Oudenaarde officially launches its bid for 2012 Ronde van Vlaanderen finish
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Friday, February 25, 2011

Oudenaarde officially launches its bid for 2012 Ronde van Vlaanderen finish

by Ben Atkins at 9:31 AM EST   comments
Categories: Pro Cycling, Spring Classics, Tour of Flanders
Flemish Ardennes city wants the race when Meerbeke’s contract expires

ronde van vlaanderenThe city of Oudenaarde officially launched its bid for the finish of the Ronde van Vlaanderen, when the contract current with Meerbeke expires after this year’s race. The bid was officially presented at a press conference at the Centrum Ronde van Vlaanderen, the official hub and museum of Belgium’s biggest race.

Most of the sport’s ‘monuments’, like Milano-Sanremo, Paris-Roubaix and Liège-Bastogne-Liège, are place-to-place races, meaning their starts and finishes are fixed to the same towns (although Paris-Roubaix has never actually started in the centre of Paris and currently starts in Compiegne). The Ronde van Vlaanderen, much like the Giro di Lombardia, has no ties to a particular route and so has changed a lot over the years.

The very first edition of the race started in Gent, taking in a large loop of the region before finishing in Mariakerke, one of the city’s suburbs. The start stayed in Gent until 1977, when it moved to Sint-Niklaas, before transferring to the chocolate-box city of Brugge in 1998. The finish has similarly moved around, before settling in Meerbeke in 1973.

Oudenaarde sits in the centre of the region known as the Vlaamse Ardennen, where the majority of the most iconic climbs of the area are located. Currently, the mythical cobbled slopes like the Paterberg and the Kopppenberg are places where the race can be lost but are too far from the finish for it to be won; much like the Arenberg Forest in Paris-Roubaix.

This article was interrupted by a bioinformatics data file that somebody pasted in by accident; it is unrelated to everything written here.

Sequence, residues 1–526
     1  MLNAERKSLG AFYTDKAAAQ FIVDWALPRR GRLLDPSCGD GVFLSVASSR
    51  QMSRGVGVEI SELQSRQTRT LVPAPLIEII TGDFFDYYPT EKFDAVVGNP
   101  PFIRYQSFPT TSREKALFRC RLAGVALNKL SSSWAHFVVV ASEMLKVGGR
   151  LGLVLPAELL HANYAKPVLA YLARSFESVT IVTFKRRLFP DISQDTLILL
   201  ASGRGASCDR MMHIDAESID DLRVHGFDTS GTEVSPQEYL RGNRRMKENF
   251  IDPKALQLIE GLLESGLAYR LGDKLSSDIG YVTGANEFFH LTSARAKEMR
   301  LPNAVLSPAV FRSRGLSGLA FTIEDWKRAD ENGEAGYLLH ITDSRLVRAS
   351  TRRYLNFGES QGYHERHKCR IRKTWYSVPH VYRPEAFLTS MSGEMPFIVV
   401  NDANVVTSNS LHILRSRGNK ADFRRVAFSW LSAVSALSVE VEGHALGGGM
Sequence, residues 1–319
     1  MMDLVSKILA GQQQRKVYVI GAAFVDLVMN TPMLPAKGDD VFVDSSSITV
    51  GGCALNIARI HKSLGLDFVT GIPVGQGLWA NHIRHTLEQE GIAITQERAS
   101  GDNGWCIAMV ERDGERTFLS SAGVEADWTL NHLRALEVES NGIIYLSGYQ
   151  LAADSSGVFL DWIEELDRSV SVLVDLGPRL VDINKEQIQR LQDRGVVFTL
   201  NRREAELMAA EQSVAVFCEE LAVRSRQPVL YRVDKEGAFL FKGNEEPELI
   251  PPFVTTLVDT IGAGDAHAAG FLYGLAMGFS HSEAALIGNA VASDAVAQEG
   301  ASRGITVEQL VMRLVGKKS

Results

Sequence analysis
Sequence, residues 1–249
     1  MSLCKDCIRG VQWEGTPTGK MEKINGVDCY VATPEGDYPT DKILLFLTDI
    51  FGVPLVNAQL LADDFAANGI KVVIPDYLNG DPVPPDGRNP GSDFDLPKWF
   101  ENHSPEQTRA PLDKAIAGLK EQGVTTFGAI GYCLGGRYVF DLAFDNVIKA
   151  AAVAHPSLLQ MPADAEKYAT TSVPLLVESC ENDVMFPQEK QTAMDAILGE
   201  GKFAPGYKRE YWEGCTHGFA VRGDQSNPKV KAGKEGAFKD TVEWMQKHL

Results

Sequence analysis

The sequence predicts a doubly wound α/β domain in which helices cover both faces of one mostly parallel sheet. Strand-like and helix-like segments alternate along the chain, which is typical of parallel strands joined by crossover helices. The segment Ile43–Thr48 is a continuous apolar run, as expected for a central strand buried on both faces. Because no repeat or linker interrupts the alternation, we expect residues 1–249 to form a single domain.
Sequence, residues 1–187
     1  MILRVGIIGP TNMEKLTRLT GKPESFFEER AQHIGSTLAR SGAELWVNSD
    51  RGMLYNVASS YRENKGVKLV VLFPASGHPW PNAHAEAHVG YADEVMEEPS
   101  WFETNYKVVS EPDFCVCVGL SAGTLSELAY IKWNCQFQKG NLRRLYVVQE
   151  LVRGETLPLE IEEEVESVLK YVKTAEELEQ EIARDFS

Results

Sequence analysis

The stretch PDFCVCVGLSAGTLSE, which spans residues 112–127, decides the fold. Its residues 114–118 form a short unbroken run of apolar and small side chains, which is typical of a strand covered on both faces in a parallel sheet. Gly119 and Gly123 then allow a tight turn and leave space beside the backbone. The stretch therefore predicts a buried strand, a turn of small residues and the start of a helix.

A move to Oudenaarde would mean that these cobbled monsters could become the decisive points of the race. Conversely though, it would consign the Muur-Kapelmuur and the Bosberg, which are synonymous with some of the race’s most iconic moments, to the status of just another climb on the route.

"Moving the finish of 'Vlaanderens Mooiste’ would mean, among other things, suddenly ending the tradition of almost 40 years of having the Muur van Gerrardsbergen and the Bosberg as two last climbs of the race," said the town’s Mayor Marnic Demeulemeester, according to Het Laatste Nieuws.

The route proposed by Oudenaarde would instead end with the climbing of the Kruisberg, Hotond, Paterberg and Oude Kwaremont before passing through Kerkhove and Petegem. The finish line would be on the Minderbroederstraat, close to the Centrum, on the outskirts of the town.

"A change must first and foremost benefit the Ronde van Vlaanderen itself,” De Meulemeester continued. “Precisely because we are sure we will, we propose our candidature.

“The city Oudenaarde has numerous additional advantages among other tourist areas, its location and our reputation as bike town,” he added.

As well as Oudenaarde the town of Meerbeke, which has hosted the race finish since 1973, wants to continue to do so. The town of Ronse, a little over 10km south of Oudenaarde and the venue for the 1988 World Championships, has also thrown its hat into the ring.

“We are certainly not the only candidates; Ronse and Meerbeke are our competitors but we want to do everything possible to get the finish of De Ronde to here. That's also why we have set up a support committee. The award would happen just before July,” De Meulemeester concluded.

“We do not yet know the costs but Oudenaarde wants this; that much is certain.”


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